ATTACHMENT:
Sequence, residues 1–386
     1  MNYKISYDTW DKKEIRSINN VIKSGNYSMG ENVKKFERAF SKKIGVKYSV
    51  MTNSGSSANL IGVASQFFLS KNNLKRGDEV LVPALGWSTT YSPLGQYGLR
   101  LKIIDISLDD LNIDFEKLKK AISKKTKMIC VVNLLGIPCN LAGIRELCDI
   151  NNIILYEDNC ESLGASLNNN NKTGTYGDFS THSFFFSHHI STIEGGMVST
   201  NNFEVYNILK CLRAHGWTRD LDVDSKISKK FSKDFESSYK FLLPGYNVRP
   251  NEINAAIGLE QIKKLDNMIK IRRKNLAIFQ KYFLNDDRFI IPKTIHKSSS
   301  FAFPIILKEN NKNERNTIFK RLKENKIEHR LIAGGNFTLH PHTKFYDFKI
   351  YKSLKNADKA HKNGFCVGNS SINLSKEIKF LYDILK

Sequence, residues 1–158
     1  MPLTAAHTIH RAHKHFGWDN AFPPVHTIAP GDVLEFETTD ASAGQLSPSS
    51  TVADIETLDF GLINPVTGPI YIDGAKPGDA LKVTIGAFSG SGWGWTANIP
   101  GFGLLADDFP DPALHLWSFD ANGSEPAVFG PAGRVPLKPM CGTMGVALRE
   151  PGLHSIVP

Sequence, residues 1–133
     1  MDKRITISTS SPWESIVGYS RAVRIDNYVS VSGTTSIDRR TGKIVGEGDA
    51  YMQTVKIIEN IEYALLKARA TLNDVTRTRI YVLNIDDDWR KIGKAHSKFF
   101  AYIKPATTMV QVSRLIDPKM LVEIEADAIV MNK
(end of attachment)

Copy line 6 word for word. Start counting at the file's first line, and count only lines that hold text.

   201  NNFEVYNILK CLRAHGWTRD LDVDSKISKK FSKDFESSYK FLLPGYNVRP